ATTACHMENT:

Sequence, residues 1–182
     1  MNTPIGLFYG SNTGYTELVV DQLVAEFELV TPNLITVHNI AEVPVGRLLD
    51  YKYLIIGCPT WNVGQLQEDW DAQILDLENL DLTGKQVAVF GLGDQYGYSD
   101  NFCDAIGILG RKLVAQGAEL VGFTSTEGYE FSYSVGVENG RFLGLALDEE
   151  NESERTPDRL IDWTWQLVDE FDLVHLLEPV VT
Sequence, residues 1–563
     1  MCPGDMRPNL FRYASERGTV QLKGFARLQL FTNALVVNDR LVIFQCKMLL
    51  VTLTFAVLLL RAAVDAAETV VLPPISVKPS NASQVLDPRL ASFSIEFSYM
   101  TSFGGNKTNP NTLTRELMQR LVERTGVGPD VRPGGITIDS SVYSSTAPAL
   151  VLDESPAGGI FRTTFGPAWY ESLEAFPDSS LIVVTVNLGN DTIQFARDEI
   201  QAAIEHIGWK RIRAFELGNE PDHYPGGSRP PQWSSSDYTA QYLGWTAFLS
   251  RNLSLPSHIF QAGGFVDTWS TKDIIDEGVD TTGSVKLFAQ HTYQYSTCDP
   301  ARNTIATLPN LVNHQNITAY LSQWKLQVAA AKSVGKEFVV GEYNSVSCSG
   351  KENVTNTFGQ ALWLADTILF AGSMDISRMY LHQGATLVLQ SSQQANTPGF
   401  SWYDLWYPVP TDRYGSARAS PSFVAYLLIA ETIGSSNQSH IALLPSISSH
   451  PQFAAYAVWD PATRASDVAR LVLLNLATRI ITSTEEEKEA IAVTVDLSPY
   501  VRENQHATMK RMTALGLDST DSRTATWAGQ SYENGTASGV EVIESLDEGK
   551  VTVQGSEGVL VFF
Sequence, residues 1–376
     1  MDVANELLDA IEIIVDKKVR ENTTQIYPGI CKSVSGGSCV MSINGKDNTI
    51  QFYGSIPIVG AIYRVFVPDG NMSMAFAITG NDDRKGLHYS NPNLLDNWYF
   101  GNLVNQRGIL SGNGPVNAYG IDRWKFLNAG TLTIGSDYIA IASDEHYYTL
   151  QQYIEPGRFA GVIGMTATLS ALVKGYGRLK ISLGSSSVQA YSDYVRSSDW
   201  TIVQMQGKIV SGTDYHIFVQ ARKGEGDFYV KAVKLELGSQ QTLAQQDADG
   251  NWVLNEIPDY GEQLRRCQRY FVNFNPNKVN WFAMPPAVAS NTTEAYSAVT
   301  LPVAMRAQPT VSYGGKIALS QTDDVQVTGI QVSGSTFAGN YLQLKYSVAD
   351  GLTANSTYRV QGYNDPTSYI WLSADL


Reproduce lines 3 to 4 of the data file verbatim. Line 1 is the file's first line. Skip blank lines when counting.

    51  YKYLIIGCPT WNVGQLQEDW DAQILDLENL DLTGKQVAVF GLGDQYGYSD
   101  NFCDAIGILG RKLVAQGAEL VGFTSTEGYE FSYSVGVENG RFLGLALDEE